Calvert design & things that caught my eye this week

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Margaret Calvert at the Design Museum: signs in tune with their times | Financial Times – Calvert was responsible for signage across all aspect of UK life. Her work also influenced traffic signs across the former British Empire including

  • Hong Kong
  • Mauritius
  • Pakistan
  • Singapore
  • United Arab Emirates

It has taken decades for Margaret Calvert to get the full recognition that she deserved. Calvert defined the design language of the UK I have lived in. It created a system and common sense in modern life. It is quite shocking that sexism held back recognition of Calvert’s full role in it.

Hong Kong protestors built small brick arches to slow down police vehicles. At the time I didn’t understand why; but the Design Museum has explained it – Brick arches – Design Museum More on design here.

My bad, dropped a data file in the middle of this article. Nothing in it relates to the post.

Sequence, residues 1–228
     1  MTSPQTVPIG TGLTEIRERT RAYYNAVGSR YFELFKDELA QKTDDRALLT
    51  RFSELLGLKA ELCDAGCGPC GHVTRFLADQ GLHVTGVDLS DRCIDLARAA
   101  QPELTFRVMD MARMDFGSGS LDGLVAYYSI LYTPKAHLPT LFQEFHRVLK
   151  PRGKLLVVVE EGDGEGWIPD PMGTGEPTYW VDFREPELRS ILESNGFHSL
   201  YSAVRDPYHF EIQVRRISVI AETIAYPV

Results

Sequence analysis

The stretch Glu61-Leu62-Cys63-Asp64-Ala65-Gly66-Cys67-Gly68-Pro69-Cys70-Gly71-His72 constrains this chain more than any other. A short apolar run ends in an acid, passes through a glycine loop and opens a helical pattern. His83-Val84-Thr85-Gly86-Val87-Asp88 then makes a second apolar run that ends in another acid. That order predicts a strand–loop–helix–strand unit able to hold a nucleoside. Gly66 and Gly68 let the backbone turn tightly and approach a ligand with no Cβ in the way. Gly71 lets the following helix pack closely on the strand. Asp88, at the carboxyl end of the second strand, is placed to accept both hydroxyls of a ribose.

Growing up in the 1980s the immortal letters DX7 seemed to be in every music performance. It’s sound is iconic.

Jalopnik partners with an automotive engineer to try and work out how the Changli electric vehicle is made for a ludicrously low price. The design process is fascinating. Don’t let the toy town aesthetics of the vehicle fool you. A lot of thought has done into the vehicle. In particular there were some really interesting engineering hacks in the product design that other automotive designers could learn from. Despite all the talk about China automating and using robotics on the shop floor, the vehicle has got a fair bit of manual work in the manufacturing process.

Record marketplace Discogs celebrates 20 years online here: Discogs 20th Anniversary: Thank You for 20 Years! Discogs has completely shaken up and democratised record collecting. Knowledge that used to be hard earned is now a couple of clicks away as Discogs is part eBay and part Wikipedia.